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Second Year Spring: a look at why Jack Nelson could be destined for B1G things

A glimpse of why Jack Nelson could be the Badgers next top lineman.

Kelli Steffes, UW Athletics

The Wisconsin Badgers football team has a storied tradition of churning out talented offensive lineman dating back to Mike Webster in the 1970s, Paul Gruber in the 1980s, Joe Panos and Chris McIntosh (as well as many others) in the 1990s, oh and that Joe Thomas guy wasn’t too shabby either in the 2000s.

2013 Pro Bowl
Joe Thomas (No. 73) at the 2013 Pro Bowl.
Photo by Scott Cunningham/Getty Images

In fact, last year nine former Wisconsin offensive lineman were rostered in the NFL, with two recent alumni (Jon Dietzen and Cole Van Lanen) hoping to join them with the Packers as of this off-season.

With a high amount of success along the line, NFL teams have taken notice and so have recruiting services. For example, during the past three completed recruiting cycles (2019-2021), the Badgers have landed at least two four-star linemen in each class, including three in the upcoming 2021 group that will all be on campus this summer.

While that trend is noteworthy, it doesn’t take away from the fact that in general Wisconsin is known for developing their offensive linemen. For example, if you look back at the mid-2000s, some of the Badgers best offensive linemen weren’t seeing the field until after their first few years on campus because of the glut of talent standing in front of them.

However, there has always been rare instances where a talented prospect lands a starting spot early in their career along the line. Most frequently those players make a big jump following their first year on campus, and go on to have wildly successful careers. Here is just a handful of recent examples:

  • Joe Thomas (2004) —> Starts at left tackle as a sophomore after playing sparingly as a blocking tight end as a freshman. He was drafted No. 3 overall in 2007, and is a sure-fire Hall of Famer.
  • Gabe Carimi (2007) —> Starts at left tackle as a redshirt freshman, and goes on to win the Outland Trophy as a senior before being selected in the first-round of the 2011 draft.
  • Peter Konz (2009) —> Starts at center as a redshirt freshman, and goes on to become a freshman All-American. He was later selected by the Falcons in the second round in 2012.
Ohio State v Wisconsin
Konz (No. 66) in Wisconsin’s upset of Ohio State in 2010.
Photo by Jonathan Daniel/Getty Images
  • Michael Dieter (2015) —> Starts at left guard and center as a redshirt freshman, before playing all over the line with the Badgers. He was drafted by the Dolphins in the third round of the 2019 NFL Draft.
  • David Edwards (2016) —> Started seven games at right tackle as a redshirt freshman, and wound go on to start 31 games for Wisconsin. He was picked in the fifth round by the Rams, as has been a multi-year starter with them since.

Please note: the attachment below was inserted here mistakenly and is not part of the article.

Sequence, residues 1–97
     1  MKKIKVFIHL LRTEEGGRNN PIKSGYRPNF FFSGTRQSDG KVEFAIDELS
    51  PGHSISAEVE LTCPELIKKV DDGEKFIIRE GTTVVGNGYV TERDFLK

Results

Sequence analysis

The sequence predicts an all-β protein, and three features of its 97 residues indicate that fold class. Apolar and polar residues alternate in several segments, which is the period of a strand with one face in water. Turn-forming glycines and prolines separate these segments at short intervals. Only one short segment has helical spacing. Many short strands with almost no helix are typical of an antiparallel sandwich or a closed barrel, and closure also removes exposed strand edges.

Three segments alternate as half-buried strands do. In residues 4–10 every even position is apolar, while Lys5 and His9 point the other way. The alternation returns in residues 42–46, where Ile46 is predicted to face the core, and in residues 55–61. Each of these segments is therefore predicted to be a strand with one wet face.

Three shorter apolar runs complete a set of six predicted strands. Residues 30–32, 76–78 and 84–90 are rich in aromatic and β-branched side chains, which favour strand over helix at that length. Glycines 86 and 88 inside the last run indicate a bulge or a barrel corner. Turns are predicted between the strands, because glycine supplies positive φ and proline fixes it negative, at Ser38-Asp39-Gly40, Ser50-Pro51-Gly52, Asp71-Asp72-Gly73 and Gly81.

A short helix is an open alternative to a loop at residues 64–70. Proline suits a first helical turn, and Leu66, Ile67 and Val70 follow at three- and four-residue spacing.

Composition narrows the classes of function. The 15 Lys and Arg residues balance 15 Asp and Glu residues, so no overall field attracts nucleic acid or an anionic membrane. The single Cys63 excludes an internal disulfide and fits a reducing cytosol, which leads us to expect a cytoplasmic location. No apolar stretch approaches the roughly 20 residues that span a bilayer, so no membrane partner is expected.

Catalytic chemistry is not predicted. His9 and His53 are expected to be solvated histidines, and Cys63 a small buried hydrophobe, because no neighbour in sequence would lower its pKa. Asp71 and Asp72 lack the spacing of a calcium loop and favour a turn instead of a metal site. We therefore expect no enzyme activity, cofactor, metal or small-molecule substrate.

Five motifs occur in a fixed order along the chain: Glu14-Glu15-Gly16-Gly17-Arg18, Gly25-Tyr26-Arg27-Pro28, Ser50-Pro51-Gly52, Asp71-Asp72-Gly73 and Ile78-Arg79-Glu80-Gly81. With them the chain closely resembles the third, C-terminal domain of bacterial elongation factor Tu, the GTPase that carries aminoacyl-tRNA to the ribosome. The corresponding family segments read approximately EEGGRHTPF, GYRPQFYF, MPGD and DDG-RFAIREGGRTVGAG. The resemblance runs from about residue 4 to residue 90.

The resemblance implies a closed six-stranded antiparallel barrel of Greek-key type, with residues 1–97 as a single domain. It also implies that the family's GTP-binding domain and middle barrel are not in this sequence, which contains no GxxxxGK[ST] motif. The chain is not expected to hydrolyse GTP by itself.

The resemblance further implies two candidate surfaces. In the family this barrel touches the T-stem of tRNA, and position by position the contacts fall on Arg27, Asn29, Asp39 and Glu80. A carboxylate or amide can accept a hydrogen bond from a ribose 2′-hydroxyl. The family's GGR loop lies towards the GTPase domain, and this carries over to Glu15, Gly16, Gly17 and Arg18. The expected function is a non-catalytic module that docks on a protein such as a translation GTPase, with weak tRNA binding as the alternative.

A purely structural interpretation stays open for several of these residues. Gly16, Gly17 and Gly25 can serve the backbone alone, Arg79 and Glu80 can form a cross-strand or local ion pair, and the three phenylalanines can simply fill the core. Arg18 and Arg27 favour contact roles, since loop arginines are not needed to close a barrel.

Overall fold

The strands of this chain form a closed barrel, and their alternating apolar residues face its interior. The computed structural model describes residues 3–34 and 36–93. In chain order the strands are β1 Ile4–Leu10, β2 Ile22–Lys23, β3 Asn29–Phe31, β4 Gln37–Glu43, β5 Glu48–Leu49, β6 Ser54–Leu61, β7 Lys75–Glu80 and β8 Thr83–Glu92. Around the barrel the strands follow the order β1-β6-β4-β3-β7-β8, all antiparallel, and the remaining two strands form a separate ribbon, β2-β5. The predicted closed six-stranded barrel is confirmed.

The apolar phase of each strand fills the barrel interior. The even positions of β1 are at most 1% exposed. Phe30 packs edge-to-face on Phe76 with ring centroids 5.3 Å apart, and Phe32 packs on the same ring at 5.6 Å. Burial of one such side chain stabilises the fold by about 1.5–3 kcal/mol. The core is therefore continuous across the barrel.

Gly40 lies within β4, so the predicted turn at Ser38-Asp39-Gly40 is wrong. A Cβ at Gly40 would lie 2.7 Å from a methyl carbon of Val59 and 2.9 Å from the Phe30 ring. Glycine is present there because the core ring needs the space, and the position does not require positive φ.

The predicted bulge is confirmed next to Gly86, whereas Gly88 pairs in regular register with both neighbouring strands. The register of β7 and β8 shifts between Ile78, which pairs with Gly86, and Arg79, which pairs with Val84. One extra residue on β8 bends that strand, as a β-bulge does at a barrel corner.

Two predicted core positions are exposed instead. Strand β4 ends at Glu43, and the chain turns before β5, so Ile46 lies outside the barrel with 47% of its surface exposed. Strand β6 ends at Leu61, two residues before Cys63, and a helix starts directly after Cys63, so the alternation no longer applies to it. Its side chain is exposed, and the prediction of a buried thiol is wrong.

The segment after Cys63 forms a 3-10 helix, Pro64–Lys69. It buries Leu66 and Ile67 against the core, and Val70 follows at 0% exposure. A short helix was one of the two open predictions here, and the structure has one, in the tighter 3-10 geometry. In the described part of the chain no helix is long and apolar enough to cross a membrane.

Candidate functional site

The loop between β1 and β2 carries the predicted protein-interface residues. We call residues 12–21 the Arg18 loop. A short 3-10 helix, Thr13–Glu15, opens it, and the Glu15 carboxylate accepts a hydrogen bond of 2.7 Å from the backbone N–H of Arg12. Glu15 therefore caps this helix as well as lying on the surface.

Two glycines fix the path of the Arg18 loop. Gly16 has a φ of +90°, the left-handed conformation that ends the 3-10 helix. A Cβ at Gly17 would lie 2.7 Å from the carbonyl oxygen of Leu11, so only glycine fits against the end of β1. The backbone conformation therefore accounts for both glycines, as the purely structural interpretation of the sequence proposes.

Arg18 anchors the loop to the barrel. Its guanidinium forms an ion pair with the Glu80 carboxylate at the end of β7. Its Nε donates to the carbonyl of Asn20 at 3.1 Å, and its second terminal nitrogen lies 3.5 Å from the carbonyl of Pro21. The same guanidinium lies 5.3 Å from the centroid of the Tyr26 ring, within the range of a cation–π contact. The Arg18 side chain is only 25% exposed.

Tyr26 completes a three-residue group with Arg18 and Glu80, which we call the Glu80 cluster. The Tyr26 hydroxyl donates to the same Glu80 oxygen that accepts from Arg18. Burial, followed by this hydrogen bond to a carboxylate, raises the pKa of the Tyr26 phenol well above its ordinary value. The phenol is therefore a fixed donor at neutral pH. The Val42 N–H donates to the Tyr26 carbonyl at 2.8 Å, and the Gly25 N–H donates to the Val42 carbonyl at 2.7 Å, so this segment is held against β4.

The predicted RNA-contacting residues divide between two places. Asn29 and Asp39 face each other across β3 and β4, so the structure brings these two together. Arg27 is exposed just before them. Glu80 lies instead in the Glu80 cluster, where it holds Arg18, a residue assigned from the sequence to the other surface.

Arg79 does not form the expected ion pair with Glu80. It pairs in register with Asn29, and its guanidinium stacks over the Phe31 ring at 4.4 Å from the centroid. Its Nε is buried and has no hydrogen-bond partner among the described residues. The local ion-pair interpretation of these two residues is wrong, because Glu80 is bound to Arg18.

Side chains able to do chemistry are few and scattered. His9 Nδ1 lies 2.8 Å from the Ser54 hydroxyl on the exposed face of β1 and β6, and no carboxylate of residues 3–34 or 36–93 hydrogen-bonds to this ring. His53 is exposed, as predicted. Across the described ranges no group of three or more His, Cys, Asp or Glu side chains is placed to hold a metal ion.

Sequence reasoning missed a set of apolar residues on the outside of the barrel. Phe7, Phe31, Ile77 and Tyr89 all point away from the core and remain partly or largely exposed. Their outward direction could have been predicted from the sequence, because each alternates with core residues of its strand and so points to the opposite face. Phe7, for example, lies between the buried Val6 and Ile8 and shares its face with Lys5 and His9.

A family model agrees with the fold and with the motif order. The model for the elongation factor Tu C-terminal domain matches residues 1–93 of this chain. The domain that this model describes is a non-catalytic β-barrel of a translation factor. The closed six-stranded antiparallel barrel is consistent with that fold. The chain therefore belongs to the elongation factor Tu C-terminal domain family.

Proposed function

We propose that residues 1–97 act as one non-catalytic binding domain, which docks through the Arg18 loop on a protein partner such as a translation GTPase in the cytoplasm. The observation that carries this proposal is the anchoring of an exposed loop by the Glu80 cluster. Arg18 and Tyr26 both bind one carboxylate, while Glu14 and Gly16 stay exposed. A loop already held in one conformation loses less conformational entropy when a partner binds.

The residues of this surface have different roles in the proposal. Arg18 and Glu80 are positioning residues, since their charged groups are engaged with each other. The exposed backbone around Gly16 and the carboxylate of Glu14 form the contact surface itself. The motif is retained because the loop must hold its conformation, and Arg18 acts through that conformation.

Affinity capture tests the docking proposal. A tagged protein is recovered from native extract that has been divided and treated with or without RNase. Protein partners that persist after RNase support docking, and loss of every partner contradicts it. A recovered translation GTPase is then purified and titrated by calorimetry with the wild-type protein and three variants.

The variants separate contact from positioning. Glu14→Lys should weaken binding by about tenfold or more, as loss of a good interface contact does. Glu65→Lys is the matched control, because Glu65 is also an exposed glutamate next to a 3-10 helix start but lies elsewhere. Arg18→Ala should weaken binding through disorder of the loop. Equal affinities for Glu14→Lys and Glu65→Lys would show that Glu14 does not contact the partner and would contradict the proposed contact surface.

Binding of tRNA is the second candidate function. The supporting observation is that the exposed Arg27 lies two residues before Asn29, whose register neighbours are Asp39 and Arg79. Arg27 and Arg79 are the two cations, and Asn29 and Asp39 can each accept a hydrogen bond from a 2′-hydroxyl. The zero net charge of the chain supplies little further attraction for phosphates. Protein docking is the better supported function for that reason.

• Tyler Biadasz (2017) —> Starts at center as a redshirt freshman, and was a three-year starter for the Badgers. He is now the starting center for the Dallas Cowboys after being drafted in the fifth round of the 2020 draft.

This is by no means an exhaustive list, for example both Jon Dietzen and Beau Benzschawel started games as redshirt freshman along the line and had great careers with the Badgers. However, for the sake of brevity it is pretty apparent that starting early can be a strong indication for future success. This is no different for other positions as well, however given all of the finer technicalities involved with offensive line play, it is oftentimes harder to crack into the rotation at a young age.

That circles us back to this past spring, where redshirt freshman Jack Nelson received the bulk of first-team reps at right guard.

The choice by Joe Rudolph to plug the redshirt freshman into the starting rotation didn’t just happen due to a lack of able bodies around him. No, the former five-star recruit that wowed folks at the Army All-American Game, made tremendous strides in the weight room and with the playbook that made his inclusion in the starting five necessary. He has high upside athletic traits that when paired with his size don’t normally just happen.

Last season he was listed in the two-deep at right tackle as a true freshman, a feat rarely seen at Wisconsin on the offensive line. Now that he has had a full year to add weight, strength, and obtain a greater understanding of the playbook, he could be the next in a long line of second year starters that become a valuable contributor for the Badgers. He could even be the top of high round draft pick that some of his predecessors were.

Time will tell for Nelson, as he hasn’t started a game, however the proper trajectory is there. Especially when you add in the lofty expectations he had exiting high school and the athletic ability he has.

Fans should be excited about the young lineman could become, and what it could mean for the overall complexion of the offensive line.